The challenges of both primary and remedial cementing in Non-Aqueous Drilling Fluid (NAF) are well known in the deepwater industry. NAFs allow for stable drilling in high pressure high temperature (HPHT) and ultra-deepwater environments. However, mud properties that were beneficial for drilling become detrimental to completions. Fluid incompatibilities resulting from contamination, residue, fluid swapping and other fluid interactions can result in reduced compressive strength, channeling, downhole gelation and a poor cement bond. Incompatibility and incomplete hole cleaning can result in safety and environmental risks including job failure, future operational issues and loss of zonal isolation. Commercially available products are available to assist with mud displacement, however, there is a need for a fundamental characterization of mud-cement interactions on a chemical level to improve the knowledge of related technical risks and the technology required for risk reduction and long-term well integrity.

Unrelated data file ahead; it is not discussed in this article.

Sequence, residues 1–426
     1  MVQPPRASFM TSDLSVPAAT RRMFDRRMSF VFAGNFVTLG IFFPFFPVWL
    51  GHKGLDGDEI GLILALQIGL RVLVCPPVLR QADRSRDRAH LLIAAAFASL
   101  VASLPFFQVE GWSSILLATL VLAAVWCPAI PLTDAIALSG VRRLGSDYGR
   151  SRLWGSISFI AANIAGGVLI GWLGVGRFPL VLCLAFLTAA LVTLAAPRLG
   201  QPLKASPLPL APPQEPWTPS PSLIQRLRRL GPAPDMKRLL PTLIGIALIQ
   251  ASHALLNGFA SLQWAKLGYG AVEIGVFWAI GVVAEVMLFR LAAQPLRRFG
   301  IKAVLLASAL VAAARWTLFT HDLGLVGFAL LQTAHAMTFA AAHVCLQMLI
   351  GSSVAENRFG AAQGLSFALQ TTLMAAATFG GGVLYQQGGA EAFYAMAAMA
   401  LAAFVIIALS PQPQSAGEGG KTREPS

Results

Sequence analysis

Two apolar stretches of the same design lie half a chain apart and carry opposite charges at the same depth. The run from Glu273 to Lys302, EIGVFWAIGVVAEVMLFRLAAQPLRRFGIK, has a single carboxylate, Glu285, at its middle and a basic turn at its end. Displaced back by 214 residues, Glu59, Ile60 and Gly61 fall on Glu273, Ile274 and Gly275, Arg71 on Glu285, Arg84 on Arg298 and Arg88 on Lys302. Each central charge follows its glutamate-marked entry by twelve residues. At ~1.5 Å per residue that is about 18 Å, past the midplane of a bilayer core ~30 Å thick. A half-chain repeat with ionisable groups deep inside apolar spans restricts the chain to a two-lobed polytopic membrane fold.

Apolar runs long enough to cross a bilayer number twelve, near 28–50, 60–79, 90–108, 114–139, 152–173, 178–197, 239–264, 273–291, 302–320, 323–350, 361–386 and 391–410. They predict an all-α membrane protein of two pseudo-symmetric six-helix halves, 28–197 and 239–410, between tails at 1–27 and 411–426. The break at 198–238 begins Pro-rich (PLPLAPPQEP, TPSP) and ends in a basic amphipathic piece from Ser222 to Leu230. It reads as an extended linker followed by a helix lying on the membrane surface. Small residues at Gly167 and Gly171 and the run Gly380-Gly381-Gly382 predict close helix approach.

The objectives of this project are to develop fundamental knowledge of mud-cement compatibility issues related specifically to deepwater cementing, to quantify risks associated with cementing in NAF and to develop best practices and derive recommendations in order to reduce the recognized risks.